Ancient Monuments

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Platform cairn south of Hill Rake

A Scheduled Monument in Hazlebadge, Derbyshire

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Latitude: 53.3195 / 53°19'10"N

Longitude: -1.7416 / 1°44'29"W

OS Eastings: 417311.169

OS Northings: 380319.924

OS Grid: SK173803

Mapcode National: GBR JZ81.RR

Mapcode Global: WHCCM.6TXK

Entry Name: Platform cairn south of Hill Rake

Scheduled Date: 4 October 1932

Last Amended: 13 January 1994

Source: Historic England

Source ID: 1011208

English Heritage Legacy ID: 23286

County: Derbyshire

Civil Parish: Hazlebadge

Traditional County: Derbyshire

Lieutenancy Area (Ceremonial County): Derbyshire

Church of England Parish: Bradwell St Barnabas

Church of England Diocese: Derby


The monument is a form of platform cairn comprising a roughly circular
flat-topped mound with a diameter of c.18m. It is c.0.75m high and has a
hilltop location overlooking Bradwell Dale in the north-eastern shelves of the
limestone plateau of Derbyshire. Partial excavations of the mound were carried
out by Bagshawe between 1866 and 1868 and by Harris in 1924. During World War
II a home guard trench was dug around the southern rim. Bagshawe found the
remains of several burials including a crouched inhumation in a rectangular
cist or grave, a crouched inhumation in an oval cist accompanied by a pottery
food vessel, a crouched inhumation in a ruined cist set high in the mound, and
a decayed inhumation in an oval cist accompanied by a barbed flint arrowhead.
Two pavements were uncovered, one beneath an extended inhumation and the other
beneath a crouched inhumation. The crouched skeleton of a child was found
accompanied by a pottery beaker and a piece of bronze while, near the surface
of the mound, were the disturbed remains of four other inhumations. Part of a
shale bracelet and a flint scraper were also recovered in addition to a bone
pin and spatula. The remains indicate that the monument had an extended period
of use throughout the Beaker and Early Bronze Age periods.
Roughly 50m south-west of the platform cairn is a smaller mound with a
diameter of 9m by 7m and a height of c.0.5m. This may be a satellite barrow
associated with the larger cairn. However, an oval scoop taken out of its west
side suggests it may alternatively be a small limekiln, possibly associated
with Hill Rake since quicklime was sometimes used in blasting as a cheap
substitute for gunpowder. Because of its uncertain classification, the feature
has not been included in the scheduling.

The site of the monument is shown on the attached map extract.
It includes a 2 metre boundary around the archaeological features,
considered to be essential for the monument's support and preservation.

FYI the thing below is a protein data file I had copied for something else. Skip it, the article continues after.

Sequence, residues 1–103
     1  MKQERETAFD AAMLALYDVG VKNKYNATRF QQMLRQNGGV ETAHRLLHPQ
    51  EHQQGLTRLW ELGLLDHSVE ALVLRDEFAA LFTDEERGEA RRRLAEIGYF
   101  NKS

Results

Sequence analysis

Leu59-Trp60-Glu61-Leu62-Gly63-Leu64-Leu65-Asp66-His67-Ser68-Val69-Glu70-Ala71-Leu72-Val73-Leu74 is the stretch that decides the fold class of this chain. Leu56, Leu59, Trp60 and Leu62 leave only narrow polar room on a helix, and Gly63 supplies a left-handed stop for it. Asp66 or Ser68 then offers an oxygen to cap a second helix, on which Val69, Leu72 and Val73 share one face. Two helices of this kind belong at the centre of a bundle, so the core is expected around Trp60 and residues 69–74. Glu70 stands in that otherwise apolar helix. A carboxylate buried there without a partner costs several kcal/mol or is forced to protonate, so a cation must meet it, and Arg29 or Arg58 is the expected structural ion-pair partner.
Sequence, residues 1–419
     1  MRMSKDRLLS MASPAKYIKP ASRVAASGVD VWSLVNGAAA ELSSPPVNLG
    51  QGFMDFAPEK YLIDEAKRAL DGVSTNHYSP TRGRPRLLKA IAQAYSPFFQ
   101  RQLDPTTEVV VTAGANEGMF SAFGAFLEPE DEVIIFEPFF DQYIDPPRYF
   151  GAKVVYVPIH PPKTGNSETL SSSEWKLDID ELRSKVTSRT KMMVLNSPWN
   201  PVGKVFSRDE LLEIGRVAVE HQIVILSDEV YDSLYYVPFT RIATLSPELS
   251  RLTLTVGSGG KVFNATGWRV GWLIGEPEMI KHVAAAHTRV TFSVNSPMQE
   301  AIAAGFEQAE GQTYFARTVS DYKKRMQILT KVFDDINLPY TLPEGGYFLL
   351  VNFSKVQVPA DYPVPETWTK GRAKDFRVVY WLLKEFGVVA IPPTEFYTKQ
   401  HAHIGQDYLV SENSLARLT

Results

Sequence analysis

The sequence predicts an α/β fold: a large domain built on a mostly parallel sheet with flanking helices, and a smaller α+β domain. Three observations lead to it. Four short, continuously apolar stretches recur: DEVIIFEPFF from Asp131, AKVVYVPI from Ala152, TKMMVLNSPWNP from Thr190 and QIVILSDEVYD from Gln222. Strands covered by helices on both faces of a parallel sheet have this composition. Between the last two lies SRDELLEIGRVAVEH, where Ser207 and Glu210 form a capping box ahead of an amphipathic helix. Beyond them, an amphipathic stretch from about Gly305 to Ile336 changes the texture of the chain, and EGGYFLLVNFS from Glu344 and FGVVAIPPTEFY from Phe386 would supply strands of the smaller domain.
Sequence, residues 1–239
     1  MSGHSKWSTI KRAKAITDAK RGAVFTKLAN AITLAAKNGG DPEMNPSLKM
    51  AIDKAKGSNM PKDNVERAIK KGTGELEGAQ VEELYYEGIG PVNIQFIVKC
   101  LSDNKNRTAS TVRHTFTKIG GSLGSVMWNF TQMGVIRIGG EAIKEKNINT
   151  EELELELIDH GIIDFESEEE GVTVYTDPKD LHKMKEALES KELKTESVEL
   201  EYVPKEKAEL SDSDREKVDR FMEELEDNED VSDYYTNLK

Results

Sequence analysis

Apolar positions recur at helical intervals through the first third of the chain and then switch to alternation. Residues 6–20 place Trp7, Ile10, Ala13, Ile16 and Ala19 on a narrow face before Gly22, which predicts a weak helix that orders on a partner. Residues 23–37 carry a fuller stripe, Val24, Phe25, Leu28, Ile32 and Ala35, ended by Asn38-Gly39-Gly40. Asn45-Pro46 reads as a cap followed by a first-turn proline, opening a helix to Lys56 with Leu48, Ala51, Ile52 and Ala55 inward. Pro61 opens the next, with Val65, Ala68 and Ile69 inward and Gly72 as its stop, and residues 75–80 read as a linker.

Source: Historic England

Reasons for Scheduling

Platform cairns are funerary monuments covering single or multiple burials and
dating to the Early Bronze Age (c.2000-1600BC). They were constructed as low
flat-topped mounds of stone rubble up to 40m in external diameter. Some
examples have other features, including peripheral banks and internal mounds
constructed on the platform. A kerb of edge-set stones sometimes bounds the
edges of the platform, bank or mound, or all three. Platform cairns occur as
isolated monuments, in small groups or in cairn cemeteries. In the latter
instances they are normally found alongside cairns of other types. Although no
precise figure is available, current evidence indicates that there are under
250 known examples of this class of monument nationally. As a rare monument
type, exhibiting considerable variation in form, a substantial proportion of
surviving examples are considered worthy of preservation. The platform cairn
south of Hill Rake lies outside the main area of distribution and has been
shown to contain substantial evidence of a variety of prehistoric burial
practices. Although partial excavation has cut a trench across the centre of
the barrow, and a Home Guard trench has disturbed it on its south side, it
still retains significant areas of undisturbed archaeological remains. It is,
in addition, an unusual form of barrow for the Peak District.

Source: Historic England


Books and journals
Barnatt, J, The Peak District Barrow Survey (1989), (1989)
Barnatt, J, The Peak District Barrow Survey (1989), (1989)
Clarke, D L, The Beaker Pottery of Great Britain and Ireland, (1970)
Marsden, B M, The Burial Mounds of Derbyshire , (1977), 55-7
Bagshawe, B, Manuscript in the Sheffield City Museum and City Library,

Source: Historic England

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